New banknotes bearing the image of King Charles III will be unveiled at the end of the year – but old money is going nowhere fast.
Under plans to change the currency’s design to mark the change in monarch, people will be able to use new money at the same time as using older designs for several years.
Coins and notes featuring Queen Elizabeth II will co-circulate and be replaced over time, the Royal Mint has revealed.
It said coins bearing the king’s image will enter circulation in line with demand from banks and post offices.
They will circulate alongside coins featuring the Queen ‘for many years to come’, it is predicted.
New banknotes featuring Charles are expected to enter circulation in mid-2024, and his portrait will appear on the existing design of all four banknote denominations.
The Royal Household has requested that existing stocks of banknotes featuring the Queen continue to be issued to reduce the environmental impact of the transition.
New notes will only be printed to replace worn notes and to meet an overall increase in demand for notes.
Current banknotes bearing the portrait of the Queen will continue to be legal tender and will only be removed from circulation when they become worn or damaged.
The Royal Mint is expected to reveal further details about coins featuring the King in the coming weeks.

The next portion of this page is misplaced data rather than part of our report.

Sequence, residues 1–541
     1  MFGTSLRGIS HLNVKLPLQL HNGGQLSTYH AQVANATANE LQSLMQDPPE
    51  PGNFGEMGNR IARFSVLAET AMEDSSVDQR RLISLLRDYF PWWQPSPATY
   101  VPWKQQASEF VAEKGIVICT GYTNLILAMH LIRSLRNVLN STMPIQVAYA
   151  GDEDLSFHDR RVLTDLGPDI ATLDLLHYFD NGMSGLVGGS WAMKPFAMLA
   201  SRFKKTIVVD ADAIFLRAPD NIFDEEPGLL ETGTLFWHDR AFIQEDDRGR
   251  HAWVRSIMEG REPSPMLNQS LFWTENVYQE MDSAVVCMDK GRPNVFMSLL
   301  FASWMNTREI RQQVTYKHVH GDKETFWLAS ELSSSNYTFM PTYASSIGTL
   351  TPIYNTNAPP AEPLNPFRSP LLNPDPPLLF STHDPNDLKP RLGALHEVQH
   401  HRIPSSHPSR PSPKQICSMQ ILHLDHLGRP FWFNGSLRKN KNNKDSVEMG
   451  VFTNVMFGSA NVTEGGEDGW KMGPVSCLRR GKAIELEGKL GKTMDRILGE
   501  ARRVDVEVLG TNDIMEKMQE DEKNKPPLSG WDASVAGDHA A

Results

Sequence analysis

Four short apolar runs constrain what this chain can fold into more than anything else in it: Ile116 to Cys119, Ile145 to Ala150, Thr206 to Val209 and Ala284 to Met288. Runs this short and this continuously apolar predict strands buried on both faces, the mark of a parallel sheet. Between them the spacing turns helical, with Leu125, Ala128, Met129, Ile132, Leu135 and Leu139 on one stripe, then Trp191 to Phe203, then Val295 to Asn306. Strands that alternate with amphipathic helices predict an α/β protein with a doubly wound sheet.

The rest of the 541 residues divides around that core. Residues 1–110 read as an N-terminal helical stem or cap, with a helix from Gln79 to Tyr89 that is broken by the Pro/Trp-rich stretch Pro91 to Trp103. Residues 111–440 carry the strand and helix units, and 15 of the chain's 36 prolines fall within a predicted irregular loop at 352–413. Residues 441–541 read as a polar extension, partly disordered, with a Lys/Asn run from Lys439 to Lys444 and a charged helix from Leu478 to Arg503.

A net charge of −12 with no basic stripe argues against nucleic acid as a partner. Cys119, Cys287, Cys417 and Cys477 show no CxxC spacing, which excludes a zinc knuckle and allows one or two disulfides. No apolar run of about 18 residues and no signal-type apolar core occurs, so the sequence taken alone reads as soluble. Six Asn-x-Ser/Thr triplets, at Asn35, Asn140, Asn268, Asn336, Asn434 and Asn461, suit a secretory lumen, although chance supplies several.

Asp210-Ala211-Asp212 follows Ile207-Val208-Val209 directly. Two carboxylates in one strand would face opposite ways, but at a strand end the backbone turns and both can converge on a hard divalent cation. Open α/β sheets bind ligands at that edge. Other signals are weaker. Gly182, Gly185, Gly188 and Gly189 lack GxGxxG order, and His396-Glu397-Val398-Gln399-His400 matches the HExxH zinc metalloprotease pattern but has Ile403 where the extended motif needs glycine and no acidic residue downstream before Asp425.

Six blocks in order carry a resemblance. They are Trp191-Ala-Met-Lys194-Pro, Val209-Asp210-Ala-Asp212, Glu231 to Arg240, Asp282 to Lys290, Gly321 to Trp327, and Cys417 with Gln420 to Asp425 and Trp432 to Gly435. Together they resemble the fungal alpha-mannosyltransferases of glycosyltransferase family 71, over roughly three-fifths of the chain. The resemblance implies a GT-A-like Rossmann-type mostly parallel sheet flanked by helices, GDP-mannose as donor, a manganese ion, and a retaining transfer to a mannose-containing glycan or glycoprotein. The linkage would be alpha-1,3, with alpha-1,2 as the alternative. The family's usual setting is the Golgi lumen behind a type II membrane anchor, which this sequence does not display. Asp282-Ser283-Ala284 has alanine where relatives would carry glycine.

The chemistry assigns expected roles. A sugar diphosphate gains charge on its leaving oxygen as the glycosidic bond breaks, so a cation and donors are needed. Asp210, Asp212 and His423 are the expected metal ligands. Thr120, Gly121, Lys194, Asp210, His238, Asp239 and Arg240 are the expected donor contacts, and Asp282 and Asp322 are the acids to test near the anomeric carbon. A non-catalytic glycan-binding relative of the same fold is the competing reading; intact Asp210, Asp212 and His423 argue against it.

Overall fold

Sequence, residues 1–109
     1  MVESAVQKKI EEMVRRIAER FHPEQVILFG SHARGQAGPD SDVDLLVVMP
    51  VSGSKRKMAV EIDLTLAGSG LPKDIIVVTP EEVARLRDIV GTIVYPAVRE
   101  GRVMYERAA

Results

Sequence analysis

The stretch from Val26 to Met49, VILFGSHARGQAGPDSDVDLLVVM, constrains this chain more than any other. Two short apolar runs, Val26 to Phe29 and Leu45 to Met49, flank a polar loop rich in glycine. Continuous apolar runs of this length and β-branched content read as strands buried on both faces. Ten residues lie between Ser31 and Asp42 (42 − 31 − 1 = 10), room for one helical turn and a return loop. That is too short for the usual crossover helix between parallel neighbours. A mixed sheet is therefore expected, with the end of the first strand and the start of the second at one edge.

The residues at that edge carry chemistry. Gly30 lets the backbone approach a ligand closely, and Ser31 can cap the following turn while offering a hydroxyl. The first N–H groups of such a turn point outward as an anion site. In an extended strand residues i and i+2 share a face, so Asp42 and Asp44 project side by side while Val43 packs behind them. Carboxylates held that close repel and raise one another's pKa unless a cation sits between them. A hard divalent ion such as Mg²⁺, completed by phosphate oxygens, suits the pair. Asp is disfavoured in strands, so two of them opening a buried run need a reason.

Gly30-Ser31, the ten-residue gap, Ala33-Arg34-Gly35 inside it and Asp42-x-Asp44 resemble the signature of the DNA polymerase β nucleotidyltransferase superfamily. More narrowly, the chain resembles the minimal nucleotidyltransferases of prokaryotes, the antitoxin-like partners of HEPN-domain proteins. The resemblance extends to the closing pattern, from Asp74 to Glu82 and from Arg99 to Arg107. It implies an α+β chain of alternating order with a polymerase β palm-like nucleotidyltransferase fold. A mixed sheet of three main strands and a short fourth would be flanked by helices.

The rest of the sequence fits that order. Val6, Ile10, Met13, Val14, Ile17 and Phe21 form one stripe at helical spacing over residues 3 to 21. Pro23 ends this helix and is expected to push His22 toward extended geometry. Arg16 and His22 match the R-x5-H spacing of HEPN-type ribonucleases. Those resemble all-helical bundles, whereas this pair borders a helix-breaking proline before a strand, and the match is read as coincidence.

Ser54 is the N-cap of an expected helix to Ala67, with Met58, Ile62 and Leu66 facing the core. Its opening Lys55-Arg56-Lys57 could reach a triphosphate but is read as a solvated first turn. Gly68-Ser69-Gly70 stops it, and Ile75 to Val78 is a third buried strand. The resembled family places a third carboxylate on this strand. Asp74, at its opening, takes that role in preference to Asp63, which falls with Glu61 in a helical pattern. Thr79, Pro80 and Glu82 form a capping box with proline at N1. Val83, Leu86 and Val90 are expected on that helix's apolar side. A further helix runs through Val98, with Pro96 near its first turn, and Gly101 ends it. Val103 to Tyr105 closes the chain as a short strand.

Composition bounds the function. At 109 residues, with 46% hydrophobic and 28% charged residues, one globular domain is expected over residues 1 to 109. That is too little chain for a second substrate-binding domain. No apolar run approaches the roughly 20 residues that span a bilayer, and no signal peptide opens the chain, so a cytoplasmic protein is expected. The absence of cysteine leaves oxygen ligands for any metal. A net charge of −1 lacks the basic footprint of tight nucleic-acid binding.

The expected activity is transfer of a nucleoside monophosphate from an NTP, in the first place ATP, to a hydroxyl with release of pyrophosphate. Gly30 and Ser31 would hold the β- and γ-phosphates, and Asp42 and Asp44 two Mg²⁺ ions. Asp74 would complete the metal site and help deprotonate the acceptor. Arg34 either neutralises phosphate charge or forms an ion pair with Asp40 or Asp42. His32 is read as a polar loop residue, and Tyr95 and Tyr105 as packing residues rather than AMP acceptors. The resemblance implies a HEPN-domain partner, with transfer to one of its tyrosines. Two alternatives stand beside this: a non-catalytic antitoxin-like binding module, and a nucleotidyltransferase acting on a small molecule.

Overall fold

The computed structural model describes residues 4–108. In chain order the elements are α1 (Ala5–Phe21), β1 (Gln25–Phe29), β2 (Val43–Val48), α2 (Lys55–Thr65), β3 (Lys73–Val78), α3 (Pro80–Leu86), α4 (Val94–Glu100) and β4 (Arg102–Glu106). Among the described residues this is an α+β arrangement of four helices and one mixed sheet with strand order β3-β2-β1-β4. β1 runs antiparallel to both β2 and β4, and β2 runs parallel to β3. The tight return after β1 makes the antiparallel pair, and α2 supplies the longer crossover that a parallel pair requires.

There are currently around 27 billion coins in circulation in the UK bearing the Queen’s image.
Anne Jessopp, Chief Executive, Royal Mint, said: ‘We are honored to have struck every British coin from her late majesty’s reign, documenting her journey from young queen to respected head of state.
‘As the official mint of Great Britain, we have told the story of every monarch since Alfred the Great and are now preparing for the biggest change in British coinage for decades.
‘The first coins bearing the image of His Majesty King Charles III will enter circulation in line with demand from banks and post offices.
‘This means that the coin of King Charles III and Queen Elizabeth II will circulate together in the UK for many years to come.’
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